In my post concerning the bequests made by my late Great-Aunt Emma Jane Wray on 29 November 2016 (What can you find out form a will?), I made mention of the Asylum for Deaf and Dumb Poor, where her niece Elsie Pearson was resident for a period. Aunt Emma had left an annuity for the care of her niece which, on the face of it, was rather unusual. It turned out Elsie was disabled and needed more care and attention than her other nieces and nephews.
I had found Elsie on the 1911 England census, along with 414 co-residents of the institution located in Margate, Kent. Its size alone was impressive and made me think its importance would be worth a blog post of its own.
There are several websites that describe the history of the asylum. Some of the recent articles can be found at: The London Asylum for the Deaf and Dumb, John Townsend and the London Asylum for the Deaf and Dumb and The Asylum that changed the lives of young ‘unfortunates’. For many old photos of the institution see this website.
Reverend John Townsend (1757-1826) established the original school on Grange Road, in Bermondsey, London – the Asylum for the Support and Education of Deaf and Dumb Children of the Poor, looking after 55 children. By 1792 the school had become the London Asylum for the Deaf and Dumb. In 1807 it had been able to move to larger premises on Old Kent Road where they had space for 200 children.
There were some private institutions where people of means could send their children but this was to be the first public school where deaf children could receive a free basic education. Townsend received initial support from: Henry Cox Mason, rector of Bermondsey; Henry Thornton, banker and philanthropist; and the Duke of Gloucester.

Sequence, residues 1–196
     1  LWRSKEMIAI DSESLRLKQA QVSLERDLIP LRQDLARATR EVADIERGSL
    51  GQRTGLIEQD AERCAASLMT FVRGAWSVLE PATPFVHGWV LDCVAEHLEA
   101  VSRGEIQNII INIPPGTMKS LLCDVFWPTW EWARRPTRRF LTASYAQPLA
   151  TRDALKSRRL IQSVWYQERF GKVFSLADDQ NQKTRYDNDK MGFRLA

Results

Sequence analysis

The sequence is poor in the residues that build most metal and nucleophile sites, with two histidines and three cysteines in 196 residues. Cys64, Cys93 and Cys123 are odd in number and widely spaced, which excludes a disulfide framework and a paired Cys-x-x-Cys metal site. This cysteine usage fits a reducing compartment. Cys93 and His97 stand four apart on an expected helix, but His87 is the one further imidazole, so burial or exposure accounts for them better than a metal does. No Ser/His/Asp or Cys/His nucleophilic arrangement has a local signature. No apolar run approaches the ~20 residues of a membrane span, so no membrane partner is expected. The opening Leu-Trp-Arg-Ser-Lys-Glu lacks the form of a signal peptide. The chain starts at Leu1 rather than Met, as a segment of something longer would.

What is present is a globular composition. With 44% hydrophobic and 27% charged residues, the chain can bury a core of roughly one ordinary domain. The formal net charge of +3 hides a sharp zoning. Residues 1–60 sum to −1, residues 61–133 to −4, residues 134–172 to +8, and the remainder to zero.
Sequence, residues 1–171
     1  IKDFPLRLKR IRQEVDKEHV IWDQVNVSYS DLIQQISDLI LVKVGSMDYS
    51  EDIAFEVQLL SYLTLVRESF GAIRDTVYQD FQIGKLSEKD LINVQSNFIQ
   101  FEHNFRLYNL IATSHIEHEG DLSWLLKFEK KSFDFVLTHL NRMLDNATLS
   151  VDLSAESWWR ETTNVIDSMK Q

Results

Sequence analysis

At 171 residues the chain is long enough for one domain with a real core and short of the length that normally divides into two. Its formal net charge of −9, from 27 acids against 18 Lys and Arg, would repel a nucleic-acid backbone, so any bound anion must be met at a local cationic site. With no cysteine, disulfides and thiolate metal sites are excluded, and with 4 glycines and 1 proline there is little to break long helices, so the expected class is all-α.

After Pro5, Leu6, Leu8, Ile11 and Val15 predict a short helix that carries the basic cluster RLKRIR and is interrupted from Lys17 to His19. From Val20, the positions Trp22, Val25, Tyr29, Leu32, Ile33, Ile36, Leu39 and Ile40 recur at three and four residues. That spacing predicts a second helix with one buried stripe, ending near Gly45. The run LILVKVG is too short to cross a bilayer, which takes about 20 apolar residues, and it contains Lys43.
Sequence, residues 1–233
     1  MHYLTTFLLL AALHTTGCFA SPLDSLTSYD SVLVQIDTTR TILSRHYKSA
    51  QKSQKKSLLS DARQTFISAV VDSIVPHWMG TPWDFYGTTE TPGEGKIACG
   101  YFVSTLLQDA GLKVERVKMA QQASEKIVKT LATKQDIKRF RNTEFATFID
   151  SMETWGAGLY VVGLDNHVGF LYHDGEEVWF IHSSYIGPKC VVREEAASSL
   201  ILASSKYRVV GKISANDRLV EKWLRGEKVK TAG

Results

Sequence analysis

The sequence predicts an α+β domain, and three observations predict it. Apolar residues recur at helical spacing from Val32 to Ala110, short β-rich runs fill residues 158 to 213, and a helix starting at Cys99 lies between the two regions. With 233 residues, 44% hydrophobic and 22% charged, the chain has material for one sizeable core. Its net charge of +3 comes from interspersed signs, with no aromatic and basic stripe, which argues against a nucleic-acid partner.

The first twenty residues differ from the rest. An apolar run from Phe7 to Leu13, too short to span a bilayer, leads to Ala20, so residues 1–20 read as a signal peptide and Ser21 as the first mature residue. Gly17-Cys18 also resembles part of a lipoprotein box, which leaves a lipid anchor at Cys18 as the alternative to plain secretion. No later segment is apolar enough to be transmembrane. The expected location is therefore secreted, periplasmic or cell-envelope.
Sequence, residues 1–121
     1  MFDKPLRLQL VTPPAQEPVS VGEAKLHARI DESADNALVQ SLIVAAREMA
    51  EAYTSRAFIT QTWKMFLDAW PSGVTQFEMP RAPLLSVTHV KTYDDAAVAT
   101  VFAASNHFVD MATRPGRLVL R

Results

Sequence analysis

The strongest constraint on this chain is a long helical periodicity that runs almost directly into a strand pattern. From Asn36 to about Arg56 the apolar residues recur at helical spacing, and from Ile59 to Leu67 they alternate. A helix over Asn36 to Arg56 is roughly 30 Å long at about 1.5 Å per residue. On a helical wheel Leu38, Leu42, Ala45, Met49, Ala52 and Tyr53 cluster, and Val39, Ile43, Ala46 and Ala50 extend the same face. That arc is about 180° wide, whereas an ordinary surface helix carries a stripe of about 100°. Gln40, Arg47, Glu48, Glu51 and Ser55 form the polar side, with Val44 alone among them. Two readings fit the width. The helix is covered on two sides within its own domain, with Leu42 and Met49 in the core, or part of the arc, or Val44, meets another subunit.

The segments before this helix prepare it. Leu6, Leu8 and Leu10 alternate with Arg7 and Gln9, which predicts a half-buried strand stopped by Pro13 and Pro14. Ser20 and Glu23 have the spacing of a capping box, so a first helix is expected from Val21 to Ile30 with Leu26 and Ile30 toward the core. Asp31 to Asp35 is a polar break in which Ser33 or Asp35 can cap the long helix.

Joseph Watson, one of the early headmasters was an inspirational and dedicated teacher, developed many techniques for instructing afflicted children and believed they were due an education as good as any other person. He wrote that, “Persons born deaf are, in fact, neither depressed below, nor raised above, the general scale of human nature, as regards their dispositions and powers, either of body or mind.”
On the 1911 England Census, where I found my little cousin Elsie, the asylum was referred to as the Royal Deaf & Dumb Asylum. In later years it became known formally as The Royal School for Deaf Children, Margate.
The school was closed abruptly in December 2015, throwing 240 staff out of work, after the John Townsend Trust was put into administration (receivership).
On lists such as that found on the 1911 census, as well as other schools and institutions, one may get a better appreciation of the lives of ancestors. Such summaries are well worth looking for, as are the histories of those organizations.
Wayne Shepheard is a retired geologist and active genealogist. He volunteers with the Online Parish Clerk program in England, handling four parishes in Devon, England. He has published a number of articles about various aspects of genealogy in several family history society journals. Wayne has also served as an editor of two such publications. He provides genealogical consulting services through his business, Family History Facilitated.